The ‘No to 32’ campaign By Flora Meyrick, Block 3
The ‘No to 32’ campaign believes that the date specified in the referendum question itself is too restrictive.
Given that much of our economy relies heavily on non-electric vehicles and carbon exports, if we truly wish to become net-zero we should set a more realistic date that is actually achievable, such as 2050, rather than setting – and missing – yet another deadline that we cannot possibly hope to reach.
The UK government has already made a legal commitment to bring all greenhouse gas emissions to net zero by 2050. Our priority should be ensuring that this existing target is actually met, rather than setting a new one that will not be.
If we wish to succeed in finding a way to reach net-zero, we also need to find better alternatives to provide energy for our nation. For many, the answer is nuclear; however, nuclear radiation can cause lung cancer as people may inhale radiation particles. We believe that the future lies in hydropower.
Hydropower is the cheapest form of renewable energy, and the most obvious choice for an island nation. The government should invest heavily in making progress in this area in order to reach its 2050 target.
Clearly, 2032 – now just a decade away – is too soon to get our country to net-zero in any kind of practical or affordable way. However, finding a renewable source to slowly make the switch from carbon to hydropower by 2050 is the sensible, affordable and achievable route to making the UK net-zero.
Vote ‘No to 32’ to help our country.
The ‘Zero Now’ campaign By Emily Cullen and Lily Maughan, Block 3
The ‘Zero-Now’ campaign believes that unless we start reducing greenhouse emissions immediately, then climate change – with all its damaging effects – will be irreversible. The UK government should make a legally-binding commitment to become a net-zero nation by 2032. The earlier we start, the more time we have left.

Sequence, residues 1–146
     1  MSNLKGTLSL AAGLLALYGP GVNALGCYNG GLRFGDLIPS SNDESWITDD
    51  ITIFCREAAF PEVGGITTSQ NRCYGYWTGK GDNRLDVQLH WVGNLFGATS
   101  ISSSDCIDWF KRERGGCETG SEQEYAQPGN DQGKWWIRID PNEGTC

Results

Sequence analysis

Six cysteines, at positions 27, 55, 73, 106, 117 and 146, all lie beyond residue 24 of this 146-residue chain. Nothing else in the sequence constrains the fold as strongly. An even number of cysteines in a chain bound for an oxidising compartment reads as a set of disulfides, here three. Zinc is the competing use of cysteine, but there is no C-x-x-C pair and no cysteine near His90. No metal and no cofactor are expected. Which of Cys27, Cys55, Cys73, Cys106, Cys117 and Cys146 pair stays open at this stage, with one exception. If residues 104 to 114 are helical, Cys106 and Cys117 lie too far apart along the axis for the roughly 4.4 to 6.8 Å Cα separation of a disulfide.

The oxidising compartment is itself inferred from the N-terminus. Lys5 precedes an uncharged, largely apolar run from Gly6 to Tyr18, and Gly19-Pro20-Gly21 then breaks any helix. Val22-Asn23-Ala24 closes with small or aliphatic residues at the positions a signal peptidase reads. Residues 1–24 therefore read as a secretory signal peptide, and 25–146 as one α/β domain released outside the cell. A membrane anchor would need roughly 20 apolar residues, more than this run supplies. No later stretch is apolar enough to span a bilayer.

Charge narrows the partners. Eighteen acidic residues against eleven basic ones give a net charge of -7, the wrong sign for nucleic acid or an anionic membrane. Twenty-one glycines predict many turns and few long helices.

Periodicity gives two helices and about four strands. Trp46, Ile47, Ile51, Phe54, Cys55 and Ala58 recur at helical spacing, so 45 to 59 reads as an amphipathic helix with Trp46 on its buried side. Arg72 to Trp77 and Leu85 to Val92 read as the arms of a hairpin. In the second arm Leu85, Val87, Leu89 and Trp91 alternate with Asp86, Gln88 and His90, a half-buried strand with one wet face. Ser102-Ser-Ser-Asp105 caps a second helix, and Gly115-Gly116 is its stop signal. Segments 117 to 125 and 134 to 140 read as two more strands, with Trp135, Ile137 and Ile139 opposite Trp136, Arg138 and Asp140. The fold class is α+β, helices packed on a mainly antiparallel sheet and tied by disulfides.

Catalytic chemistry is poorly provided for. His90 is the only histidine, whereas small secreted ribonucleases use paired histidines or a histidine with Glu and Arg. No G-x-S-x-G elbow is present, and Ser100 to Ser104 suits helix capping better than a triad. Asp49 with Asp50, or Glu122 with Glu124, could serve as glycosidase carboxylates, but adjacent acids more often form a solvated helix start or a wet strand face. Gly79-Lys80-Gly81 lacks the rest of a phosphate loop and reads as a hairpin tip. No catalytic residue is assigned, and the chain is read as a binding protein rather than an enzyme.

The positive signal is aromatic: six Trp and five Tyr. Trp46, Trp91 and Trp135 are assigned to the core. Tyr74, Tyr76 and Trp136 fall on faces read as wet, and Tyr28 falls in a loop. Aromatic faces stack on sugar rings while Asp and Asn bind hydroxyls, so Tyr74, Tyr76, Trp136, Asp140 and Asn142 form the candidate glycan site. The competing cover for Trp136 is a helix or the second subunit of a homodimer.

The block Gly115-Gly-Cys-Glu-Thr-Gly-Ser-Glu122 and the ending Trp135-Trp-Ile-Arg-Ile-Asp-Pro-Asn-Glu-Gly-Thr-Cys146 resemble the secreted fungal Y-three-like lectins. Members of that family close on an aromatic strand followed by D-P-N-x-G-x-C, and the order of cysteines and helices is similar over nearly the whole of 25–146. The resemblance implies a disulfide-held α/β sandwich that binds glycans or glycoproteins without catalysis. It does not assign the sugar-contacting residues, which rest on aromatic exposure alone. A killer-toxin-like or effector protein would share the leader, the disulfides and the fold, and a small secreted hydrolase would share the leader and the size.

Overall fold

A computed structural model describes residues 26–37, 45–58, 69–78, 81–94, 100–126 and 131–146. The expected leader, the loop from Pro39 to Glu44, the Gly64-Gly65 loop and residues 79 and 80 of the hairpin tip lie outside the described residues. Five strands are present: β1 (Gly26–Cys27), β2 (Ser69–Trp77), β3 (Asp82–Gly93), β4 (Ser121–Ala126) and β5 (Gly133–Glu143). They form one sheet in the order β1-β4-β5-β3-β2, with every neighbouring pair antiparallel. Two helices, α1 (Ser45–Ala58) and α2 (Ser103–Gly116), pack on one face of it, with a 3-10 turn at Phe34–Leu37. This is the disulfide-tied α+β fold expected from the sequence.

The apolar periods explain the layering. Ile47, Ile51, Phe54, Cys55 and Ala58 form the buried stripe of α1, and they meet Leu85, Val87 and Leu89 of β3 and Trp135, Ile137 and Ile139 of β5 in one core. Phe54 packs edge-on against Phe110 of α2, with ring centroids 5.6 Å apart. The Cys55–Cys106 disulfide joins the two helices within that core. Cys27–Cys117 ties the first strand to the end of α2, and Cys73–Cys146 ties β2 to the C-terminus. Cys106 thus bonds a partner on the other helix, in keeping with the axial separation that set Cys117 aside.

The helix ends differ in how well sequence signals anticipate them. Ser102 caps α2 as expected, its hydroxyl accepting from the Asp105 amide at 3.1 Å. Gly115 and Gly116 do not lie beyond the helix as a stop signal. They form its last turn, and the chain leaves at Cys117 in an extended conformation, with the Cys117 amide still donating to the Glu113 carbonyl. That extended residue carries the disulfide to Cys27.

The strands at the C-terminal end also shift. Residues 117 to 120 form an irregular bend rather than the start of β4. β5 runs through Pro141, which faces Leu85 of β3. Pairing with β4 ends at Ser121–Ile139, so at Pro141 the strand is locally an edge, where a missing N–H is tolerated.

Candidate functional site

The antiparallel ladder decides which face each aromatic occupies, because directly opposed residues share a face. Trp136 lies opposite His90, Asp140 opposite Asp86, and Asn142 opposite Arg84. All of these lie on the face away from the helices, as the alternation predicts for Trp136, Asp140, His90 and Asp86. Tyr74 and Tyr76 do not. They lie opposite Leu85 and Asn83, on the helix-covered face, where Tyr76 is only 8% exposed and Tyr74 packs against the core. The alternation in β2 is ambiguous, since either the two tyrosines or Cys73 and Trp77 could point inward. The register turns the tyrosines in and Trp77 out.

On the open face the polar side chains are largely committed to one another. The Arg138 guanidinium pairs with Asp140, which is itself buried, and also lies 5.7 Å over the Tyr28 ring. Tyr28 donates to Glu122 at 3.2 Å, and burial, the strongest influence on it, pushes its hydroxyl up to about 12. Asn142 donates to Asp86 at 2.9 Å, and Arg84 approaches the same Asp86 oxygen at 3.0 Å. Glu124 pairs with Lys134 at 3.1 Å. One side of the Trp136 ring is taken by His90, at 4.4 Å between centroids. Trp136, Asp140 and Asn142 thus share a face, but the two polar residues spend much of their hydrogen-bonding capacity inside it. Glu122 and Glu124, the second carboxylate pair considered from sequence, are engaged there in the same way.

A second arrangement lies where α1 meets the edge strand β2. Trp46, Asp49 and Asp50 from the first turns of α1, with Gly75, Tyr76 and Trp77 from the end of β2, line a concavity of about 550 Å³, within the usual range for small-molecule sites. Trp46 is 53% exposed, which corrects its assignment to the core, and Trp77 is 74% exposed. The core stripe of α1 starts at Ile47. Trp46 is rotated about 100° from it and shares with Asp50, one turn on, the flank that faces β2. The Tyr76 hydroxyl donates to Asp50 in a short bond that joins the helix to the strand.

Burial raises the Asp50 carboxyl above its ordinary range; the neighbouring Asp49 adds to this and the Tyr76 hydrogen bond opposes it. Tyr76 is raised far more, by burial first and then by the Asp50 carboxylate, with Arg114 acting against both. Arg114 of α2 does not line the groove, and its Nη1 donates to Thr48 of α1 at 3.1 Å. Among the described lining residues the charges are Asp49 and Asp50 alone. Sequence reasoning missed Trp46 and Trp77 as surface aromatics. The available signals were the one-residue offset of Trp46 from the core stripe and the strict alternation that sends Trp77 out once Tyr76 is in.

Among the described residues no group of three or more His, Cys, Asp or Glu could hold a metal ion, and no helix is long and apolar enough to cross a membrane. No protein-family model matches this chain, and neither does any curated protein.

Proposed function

10 years may seem too soon, but the UK needs to set an example. It was the first country in the world to create a legally-binding national commitment to cut greenhouse gas emissions via the Climate Change Act of 2008. This gives us a powerful voice and influence with the rest of the world. A reduction in greenhouse gases simply must happen very soon, and a legally-binding agreement commits both government and businesses to this aim, which makes progress much more likely.
Some key policies to reach this target include:
Funding more electric vehicle charging stations, and converting them to be sustainably powered (e.g. solar panelled)
Identifying, prioritising and adapting government investments in infrastructure and innovating technology to address climate change risks effectively
Assist businesses and large emitters in transitioning to being carbon neutral
Financial incentives for improved water and wastewater management
Construction of new sustainable power stations around the UK, made by carbon neutral companies
These are some of the many ways we can reach net-zero by 2032. Achieving net-zero urgently is vital, as it’s the best way we can tackle climate change and reduce global warming. What we do in the next decade to limit emissions will be critical to our future, and currently our target of 2050 is too far off. If we want future generations to thrive then we must act now.